Expression of PIN1 in kan1 kan2 kan4 and phb phv rev Embryos

Defects in auxin distribution during early stages of embryo development in kan1 kan2 kan4 mutants could lead to ectopic auxin maxima in the hypocotyl. To study the role of polar auxin transport in kan1 kan2 kan4 embryo development, we used a translational fusion of PIN1 to green fluorescent protein (GFP) (pPIN1:PIN1-GFP [Heisler et al., 2005]) and the synthetic reporter DR5 composed of auxin-responsive elements transcriptionally fused with GFP (DR5:GFP [Friml et al., 2003]).

PIN1 is expressed throughout the embryo at the early globular stage (Figure 5A), but by the transition and heart stages, expression is restricted to the upper half of the embryo, with regions of higher expression marking the sites of the incipient cotyledons and vasculature (Figures 5C and 5E). By the late heart stage, PIN1 expression continues in the vasculature of the future hypocotyl and root but is diminished in the cotyledons except at their tips and vasculature (Figure 5H). In addition, expression of PIN1 can be seen in the L1 layer of the incipient SAM, and this expression persists through the torpedo and later stages (Figures 5H and 5L). PIN1 expression in kan1 kan2 kan4 embryos is similar to that of wild-type embryos during the early stages of development (Figure 5B); however, by the transition stage, ectopic expression of PIN1 can be seen in cells that will give rise to the hypocotyl (Figure 5D), whereas PIN1 is not detected in these cells in wild-type embryos (Figure 5C). By the heart stage, PIN1 expression in wild-type embryos is excluded from the hypocotyl cells and restricted to the cotyledon primordia, whereas in kan1 kan2 kan4 embryos, ectopic expression in the hypocotyl cells is maintained (Figure 5F). Significantly, these changes in PIN1 expression appear before any alterations in cell division patterns can be seen (Figures 5D and 5G). Ectopic PIN1 expression in kan1 kan2 kan4 embryos remains in the hypocotyl through later stages of embryo development, in which the abnormal mutant morphology is apparent (Figures 5I to 5J and 5M). The cellular orientation of PIN1 in the hypocotyls of late heart stage kan1 kan2 kan4 embryos implies that a reversal in PIN1 polarity has occurred in those epidermal cells just below the cotyledons, from an initial apical localization to a basal localization. This reversal leads to an abnormal polar arrangement of PIN1 in hypocotyl cells such that ectopic auxin maxima are positioned within the hypocotyl (Figure 5K). DR5 expression was observed, indicating areas of auxin accumulation (Friml et al., 2003) and marking the mutant hypocotyl outgrowths (Figure 5T).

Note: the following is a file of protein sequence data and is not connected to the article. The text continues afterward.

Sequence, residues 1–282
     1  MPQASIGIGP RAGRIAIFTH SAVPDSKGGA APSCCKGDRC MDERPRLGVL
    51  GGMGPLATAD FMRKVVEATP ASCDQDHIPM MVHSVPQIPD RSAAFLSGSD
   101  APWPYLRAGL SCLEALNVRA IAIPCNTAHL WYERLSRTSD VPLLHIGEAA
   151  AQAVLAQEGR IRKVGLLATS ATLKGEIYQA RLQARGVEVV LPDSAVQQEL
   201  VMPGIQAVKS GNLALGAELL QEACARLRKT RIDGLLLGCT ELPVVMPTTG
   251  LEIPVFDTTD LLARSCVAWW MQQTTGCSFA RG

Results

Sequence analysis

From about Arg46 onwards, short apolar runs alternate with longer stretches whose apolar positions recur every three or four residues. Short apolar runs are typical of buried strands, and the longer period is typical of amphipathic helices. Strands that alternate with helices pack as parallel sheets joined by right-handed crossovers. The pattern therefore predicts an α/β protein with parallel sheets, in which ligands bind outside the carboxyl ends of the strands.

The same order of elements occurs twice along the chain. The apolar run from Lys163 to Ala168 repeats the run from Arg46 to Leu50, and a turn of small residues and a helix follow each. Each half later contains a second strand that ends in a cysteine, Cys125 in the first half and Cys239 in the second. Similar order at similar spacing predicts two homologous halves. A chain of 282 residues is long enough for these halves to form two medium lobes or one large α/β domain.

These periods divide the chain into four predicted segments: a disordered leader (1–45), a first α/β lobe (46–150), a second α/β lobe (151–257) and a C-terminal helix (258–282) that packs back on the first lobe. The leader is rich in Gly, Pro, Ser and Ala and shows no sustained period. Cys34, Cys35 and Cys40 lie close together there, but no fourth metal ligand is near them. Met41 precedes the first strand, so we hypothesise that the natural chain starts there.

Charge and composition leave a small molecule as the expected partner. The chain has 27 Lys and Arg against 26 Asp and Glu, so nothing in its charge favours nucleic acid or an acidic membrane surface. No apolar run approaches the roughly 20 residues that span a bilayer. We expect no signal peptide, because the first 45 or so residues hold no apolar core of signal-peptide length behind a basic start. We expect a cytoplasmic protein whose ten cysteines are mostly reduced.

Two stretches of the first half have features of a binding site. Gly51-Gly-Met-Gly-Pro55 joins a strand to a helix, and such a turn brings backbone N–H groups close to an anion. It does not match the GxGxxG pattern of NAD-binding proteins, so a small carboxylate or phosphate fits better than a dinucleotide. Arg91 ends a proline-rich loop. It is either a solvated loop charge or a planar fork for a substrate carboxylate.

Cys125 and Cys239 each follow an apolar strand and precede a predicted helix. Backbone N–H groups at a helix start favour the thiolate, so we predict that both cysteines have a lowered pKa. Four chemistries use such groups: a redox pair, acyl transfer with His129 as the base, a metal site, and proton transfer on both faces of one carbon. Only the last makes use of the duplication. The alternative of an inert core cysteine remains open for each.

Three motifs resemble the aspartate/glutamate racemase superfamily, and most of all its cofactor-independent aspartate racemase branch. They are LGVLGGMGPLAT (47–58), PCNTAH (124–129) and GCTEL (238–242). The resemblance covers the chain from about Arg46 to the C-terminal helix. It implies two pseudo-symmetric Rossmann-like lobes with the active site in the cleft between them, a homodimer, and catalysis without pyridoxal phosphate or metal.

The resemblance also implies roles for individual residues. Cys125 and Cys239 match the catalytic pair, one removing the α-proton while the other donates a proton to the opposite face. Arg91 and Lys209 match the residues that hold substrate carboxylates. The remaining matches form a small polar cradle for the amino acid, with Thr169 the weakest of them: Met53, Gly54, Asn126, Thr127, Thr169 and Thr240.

Figure 5.
PIN1 Expression and DR5 Auxin Response during Embryogenesis.

Given the phenotype of phb phv rev embryos, we predicted that PIN1 expression would also be altered in this genetic background. Triple mutants with a single radialized cotyledon and no SAM can be identified at the heart stage, when the apical portions of embryos lack the bilateral symmetry characteristic of wild-type embryos (Prigge et al., 2005). PIN1 is expressed throughout the apical half of phb phv rev embryos during the globular stage, similar to its expression in wild-type embryos (data not shown). The bilateral expression pattern of PIN1 observed at the heart stage in wild-type embryos (Figures 5C, 5E, and 5H) is lacking in phb phv rev embryos, in which PIN1 is expressed throughout the apical part of the embryo, the provasculature, and in the L1 layer, implying an auxin flow toward the apical tip of the single cotyledon (Figures 5N to 5P). PIN1 expression in phb phv rev embryos suggests auxin flow from all sides of the embryo through the L1 toward its central apical point, forming only a single auxin maximum and leading to the development of a single cotyledon primordium. By the torpedo stage, PIN1 expression is lacking from the single radialized cotyledon and expressed only in the central and basal part of the embryonic vasculature (Figures 5Q to 5R).

Activity of Class III HD-Zip in kan1 kan2 kan4 Plants

In wild-type embryos, PHB transcripts can be detected as early as the 16-cell stage of the developing embryo (McConnell et al., 2001). Initially, PHB is initially expressed throughout the embryo but is subsequently restricted to the central apical cells of the embryo, the cells that will give rise to the cotyledons and the SAM. By the heart stage, PHB expression is confined to the SAM and the adaxial regions of the cotyledons (McConnell et al., 2001). PHB expression in kan1 kan2 kan4 embryos is similar to that of wild-type embryos during the globular and heart stages (data not shown).

To examine the antagonistic roles of KANADI and Class III HD-Zip gene activity in embryogenesis, we generated kan1 kan2 kan4 phb phv rev plants. The hextuple kan1 kan2 kan4 phb phv rev has a novel phenotype, with loss of KANADI activity partially mitigating the phenotype conferred by phb phv rev. kan1 kan2 kan4 phb phv rev seedlings have two cotyledons with abaxial outgrowths and ectopic leaf-like outgrowths developing from the hypocotyl, similar to kan1 kan2 kan4 seedlings (Figures 4A and and6A).6A). However, unlike kan1 kan2 kan4 and phb phv rev plants, the hextuple mutant produces a single radial leaf-like organ in the position normally occupied by the SAM in wild-type seedlings (Figure 6A). The initiation of the leaf-like organ is evident at the heart stage of embryogenesis, when subepidermal periclinal cell divisions in the position between the two cotyledons give rise to a leaf primordium (Figures 6B and 6C). The hypocotyl outgrowths of the hextuple mutant, also evident at the heart stage, are similar to those of kan1 kan2 kan4 plants in terms of their structure, size, length, and number per plant (Figures 4A and and6A6A).

Figure 6.
The Phenotype of kan1 kan2 kan4 phb phv rev.